Susan L. Marquis

Photo of Susan Marquis
Principal Researcher
Washington Office


Ph.D. in public and international affairs, Woodrow Wilson School of Public and International Affairs, Princeton University

Media Resources

This researcher is available for interviews.

To arrange an interview, contact the RAND Office of Media Relations at (310) 451-6913, or email

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Susan Marquis, the Frank and Marcia Carlucci Dean of the Pardee RAND Graduate School from 2008 until 2021 and vice president of innovation at the RAND Corporation from 2012 to 2021, is now a principal researcher at RAND working with the Office of the President.

Marquis’s tenure at Pardee RAND was defined by transformation of the nation’s largest and oldest public policy Ph.D. program and graduate school, establishing a new model for public policy graduate education that is designed for our radically changing world.

As vice president of innovation, Marquis was a corporate officer and lead for strengthening the environment for innovation across RAND. She was also responsible for the institution’s internal research, development, and investment efforts. Marquis and her team were responsible for RAND’s analytic Methods Centers and RAND’s intellectual policy strategy and management, focusing on support to RAND’s public mission.

Prior to joining the graduate school and RAND, Marquis served as corporate vice president at LMI (Logistics Management Institute), a nonprofit consulting firm supporting the federal government. She led corporate initiatives including establishing the LMI Research Institute and the Visiting Scholar and Public Policy Fellows programs; she also led LMI’s first two corporate acquisition efforts.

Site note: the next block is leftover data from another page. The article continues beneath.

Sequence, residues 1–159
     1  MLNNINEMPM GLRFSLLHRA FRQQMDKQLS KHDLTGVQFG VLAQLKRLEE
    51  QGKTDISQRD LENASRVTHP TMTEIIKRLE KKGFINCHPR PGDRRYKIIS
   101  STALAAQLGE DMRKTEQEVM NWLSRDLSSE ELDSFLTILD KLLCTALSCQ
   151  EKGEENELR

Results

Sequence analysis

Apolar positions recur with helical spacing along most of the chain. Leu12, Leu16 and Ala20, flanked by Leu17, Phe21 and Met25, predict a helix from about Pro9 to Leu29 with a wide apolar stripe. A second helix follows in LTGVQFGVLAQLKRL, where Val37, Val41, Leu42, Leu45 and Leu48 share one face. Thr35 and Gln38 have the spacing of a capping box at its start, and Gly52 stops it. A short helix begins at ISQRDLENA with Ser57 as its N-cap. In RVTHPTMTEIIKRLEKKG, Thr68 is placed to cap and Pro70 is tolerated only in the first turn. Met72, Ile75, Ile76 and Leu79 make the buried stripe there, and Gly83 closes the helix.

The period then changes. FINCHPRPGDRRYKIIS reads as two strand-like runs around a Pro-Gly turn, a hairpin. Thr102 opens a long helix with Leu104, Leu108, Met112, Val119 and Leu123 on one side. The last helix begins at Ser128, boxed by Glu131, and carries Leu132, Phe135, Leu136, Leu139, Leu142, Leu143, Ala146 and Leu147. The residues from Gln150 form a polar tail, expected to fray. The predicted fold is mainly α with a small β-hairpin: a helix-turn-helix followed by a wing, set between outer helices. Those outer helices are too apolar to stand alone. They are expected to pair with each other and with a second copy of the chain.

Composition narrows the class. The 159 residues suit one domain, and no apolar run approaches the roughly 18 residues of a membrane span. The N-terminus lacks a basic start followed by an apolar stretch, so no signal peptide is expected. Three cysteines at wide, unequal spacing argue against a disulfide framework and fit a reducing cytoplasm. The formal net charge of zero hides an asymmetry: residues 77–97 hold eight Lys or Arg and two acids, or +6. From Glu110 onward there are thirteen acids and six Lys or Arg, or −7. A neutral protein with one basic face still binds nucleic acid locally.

Before entering the nonprofit private sector, she served at the highest levels of the U.S. Navy and in senior leadership positions in the Office of the Secretary of Defense’s Program Analysis and Evaluation Directorate for fifteen years, including as acting Deputy Chief of Naval Operations. 

Marquis has authored two influential books; I Am Not A Tractor! How Florida Farmworkers Took on the Fast Food Giants and Won explores new models for agricultural labor and social justice movements, while Unconventional Warfare looks at rebuilding U.S. special operations forces. She has been an active board member and advisor, continuing to serve as chair of the Princeton School of Public and International Affairs (formerly the Woodrow Wilson School) and as a founding member and director of the Economics of National Security Association. She has also served on the Board of Advisors to the Naval Postgraduate School and Naval War College.

She earned her Ph.D. and Master’s of Public Policy and International Affairs from Princeton University's School of Public and International Affairs and her B.A. in history with highest honors from Rutgers College, Rutgers University.

Selected Publications

Susan L. Marquis, I am not a tractor! How Florida Farmworkers Took on the Fast Food Giants and Won, Cornell University Press, 2017

Susan L. Marquis, Unconventional Warfare: Rebuilding U.S. Special Operations Forces, Brookings Institution Press, 1997

Recent Media Appearances

Interviews: C-SPAN2; Here and There, Santa Fe Public Radio; KCAW - Sitka, Alaska; KCRW - To The Point; Marketplace; Rorotoko; Salzburg Global Seminar; Sanctuary Magazine; WAMU-FM

Commentary: United Press International; Tampa Bay Times; Scientific American; Newsweek; Orlando Sentinel


  • Occupational Safety and Health

    Forgotten on the Frontlines of the Food Supply Chain